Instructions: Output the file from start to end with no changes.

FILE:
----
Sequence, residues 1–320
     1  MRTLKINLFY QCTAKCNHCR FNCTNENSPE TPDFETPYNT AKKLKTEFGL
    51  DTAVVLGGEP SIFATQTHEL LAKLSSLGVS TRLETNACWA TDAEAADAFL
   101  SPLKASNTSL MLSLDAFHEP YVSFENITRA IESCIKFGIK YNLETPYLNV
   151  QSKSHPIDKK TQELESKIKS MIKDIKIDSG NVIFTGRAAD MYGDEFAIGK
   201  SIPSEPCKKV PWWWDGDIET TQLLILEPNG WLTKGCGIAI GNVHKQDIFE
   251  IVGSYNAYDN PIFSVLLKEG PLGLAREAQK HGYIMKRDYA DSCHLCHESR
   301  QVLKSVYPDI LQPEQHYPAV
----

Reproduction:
Sequence, residues 1–320
     1  MRTLKINLFY QCTAKCNHCR FNCTNENSPE TPDFETPYNT AKKLKTEFGL
    51  DTAVVLGGEP SIFATQTHEL LAKLSSLGVS TRLETNACWA TDAEAADAFL
   101  SPLKASNTSL MLSLDAFHEP YVSFENITRA IESCIKFGIK YNLETPYLNV
   151  QSKSHPIDKK TQELESKIKS MIKDIKIDSG NVIFTGRAAD MYGDEFAIGK
   201  SIPSEPCKKV PWWWDGDIET TQLLILEPNG WLTKGCGIAI GNVHKQDIFE
   251  IVGSYNAYDN PIFSVLLKEG PLGLAREAQK HGYIMKRDYA DSCHLCHESR
   301  QVLKSVYPDI LQPEQHYPAV